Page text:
Growth Factor Effects on REgulation of Neural Precursor Cell Development
Contrary to previous dogma that we are born with all the brain cells well ever have, adult neurogenesis continues to occur in the central nervous system of mammals, including humans. Neural precursor cells (NPCs) proliferate and differentiate into new neurons, astrocytes, and oligodendrocytes in response to the input from their cellular environment, termed the neurogenic niche. This niche contains astrocytes, cells that are essential players in neuronal development, synaptic physiology, and stem cell regulation. It has been discovered that the introduction of chronic stress and stress hormones, glucocorticoids (GC), cause decreases in the proliferation and neuronal fates of NPCs. We observe that GCs induce changes of expression of certain molecules, including bone morphogenetic proteins (BMPs) which stimulate increases in astrocytic differentiation and noggin a BMP antagonist that promotes increases in neuron formation. Thus, my project investigates the ways that changing BMP expression affects NPC behavior through astrocyte signaling in vitro. In particular, do stress-induced increases in astrocyte BMP secretion contribute to the reduction of neuronal fates in NPCs?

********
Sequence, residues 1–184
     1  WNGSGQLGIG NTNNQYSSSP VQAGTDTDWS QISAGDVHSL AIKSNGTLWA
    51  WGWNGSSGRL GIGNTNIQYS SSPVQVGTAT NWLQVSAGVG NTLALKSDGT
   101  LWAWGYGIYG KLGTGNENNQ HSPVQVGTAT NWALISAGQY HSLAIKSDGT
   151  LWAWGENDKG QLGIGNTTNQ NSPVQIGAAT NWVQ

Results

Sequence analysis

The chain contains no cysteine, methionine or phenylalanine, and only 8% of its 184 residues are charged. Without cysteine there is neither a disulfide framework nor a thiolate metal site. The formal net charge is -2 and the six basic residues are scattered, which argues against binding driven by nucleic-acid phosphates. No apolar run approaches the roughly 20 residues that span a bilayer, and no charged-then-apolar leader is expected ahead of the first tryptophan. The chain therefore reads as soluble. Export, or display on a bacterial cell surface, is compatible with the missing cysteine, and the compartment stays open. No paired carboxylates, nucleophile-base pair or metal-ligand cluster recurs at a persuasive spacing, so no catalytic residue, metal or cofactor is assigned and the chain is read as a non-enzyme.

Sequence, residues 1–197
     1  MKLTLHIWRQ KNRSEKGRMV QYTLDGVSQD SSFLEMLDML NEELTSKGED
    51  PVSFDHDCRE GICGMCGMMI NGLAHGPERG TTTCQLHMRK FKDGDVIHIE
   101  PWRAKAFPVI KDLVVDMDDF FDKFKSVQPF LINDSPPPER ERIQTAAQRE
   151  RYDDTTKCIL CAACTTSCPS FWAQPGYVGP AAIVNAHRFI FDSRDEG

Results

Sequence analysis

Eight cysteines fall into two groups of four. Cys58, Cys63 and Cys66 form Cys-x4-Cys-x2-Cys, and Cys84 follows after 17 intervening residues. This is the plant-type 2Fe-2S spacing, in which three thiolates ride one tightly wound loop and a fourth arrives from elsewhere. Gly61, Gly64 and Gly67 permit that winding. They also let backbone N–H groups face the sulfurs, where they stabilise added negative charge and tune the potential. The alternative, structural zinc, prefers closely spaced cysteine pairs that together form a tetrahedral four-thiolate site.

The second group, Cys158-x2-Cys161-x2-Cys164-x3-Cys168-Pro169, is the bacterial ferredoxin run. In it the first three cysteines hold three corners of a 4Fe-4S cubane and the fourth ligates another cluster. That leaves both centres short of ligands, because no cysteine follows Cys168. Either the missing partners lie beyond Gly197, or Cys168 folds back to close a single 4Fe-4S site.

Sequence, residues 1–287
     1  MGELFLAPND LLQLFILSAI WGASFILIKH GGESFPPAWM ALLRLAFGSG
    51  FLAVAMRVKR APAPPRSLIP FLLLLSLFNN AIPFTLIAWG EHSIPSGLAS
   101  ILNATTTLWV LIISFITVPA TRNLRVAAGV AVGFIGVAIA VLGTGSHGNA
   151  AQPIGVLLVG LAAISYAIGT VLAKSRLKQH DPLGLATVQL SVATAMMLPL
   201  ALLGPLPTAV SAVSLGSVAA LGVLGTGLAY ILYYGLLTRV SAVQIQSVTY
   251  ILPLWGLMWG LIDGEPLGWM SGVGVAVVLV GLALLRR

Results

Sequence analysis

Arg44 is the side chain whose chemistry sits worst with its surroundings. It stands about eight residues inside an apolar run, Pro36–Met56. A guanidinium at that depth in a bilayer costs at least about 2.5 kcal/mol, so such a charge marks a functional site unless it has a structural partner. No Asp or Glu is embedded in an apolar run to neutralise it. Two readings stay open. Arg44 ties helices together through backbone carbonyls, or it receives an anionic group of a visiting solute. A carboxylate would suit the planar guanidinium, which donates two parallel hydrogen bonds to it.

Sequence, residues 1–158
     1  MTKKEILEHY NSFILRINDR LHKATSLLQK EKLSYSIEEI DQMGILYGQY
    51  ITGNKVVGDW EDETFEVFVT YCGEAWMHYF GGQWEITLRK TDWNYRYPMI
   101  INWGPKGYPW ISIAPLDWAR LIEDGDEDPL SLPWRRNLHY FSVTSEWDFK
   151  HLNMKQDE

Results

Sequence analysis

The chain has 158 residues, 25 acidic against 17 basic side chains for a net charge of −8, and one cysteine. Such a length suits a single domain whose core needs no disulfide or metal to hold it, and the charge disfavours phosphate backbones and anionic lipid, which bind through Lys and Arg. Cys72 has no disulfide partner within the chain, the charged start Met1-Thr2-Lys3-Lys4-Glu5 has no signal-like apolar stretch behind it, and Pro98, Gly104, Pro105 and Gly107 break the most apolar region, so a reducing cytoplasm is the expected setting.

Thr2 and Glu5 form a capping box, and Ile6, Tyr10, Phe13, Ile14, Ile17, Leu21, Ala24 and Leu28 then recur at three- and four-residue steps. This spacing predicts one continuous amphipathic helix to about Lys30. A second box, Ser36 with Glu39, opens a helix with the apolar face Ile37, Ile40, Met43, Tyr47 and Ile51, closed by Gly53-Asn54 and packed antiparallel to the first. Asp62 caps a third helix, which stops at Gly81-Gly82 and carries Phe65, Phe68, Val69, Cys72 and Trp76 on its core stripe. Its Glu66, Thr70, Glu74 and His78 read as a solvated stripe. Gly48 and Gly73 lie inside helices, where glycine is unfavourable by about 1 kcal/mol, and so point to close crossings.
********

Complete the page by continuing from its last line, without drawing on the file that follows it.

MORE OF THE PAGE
Message to Sponsor
- Major: Molecular and Cell Biology
- Sponsor: Rose Hills Foundation
- Mentor: Daniela Kaufer, Integrative Biology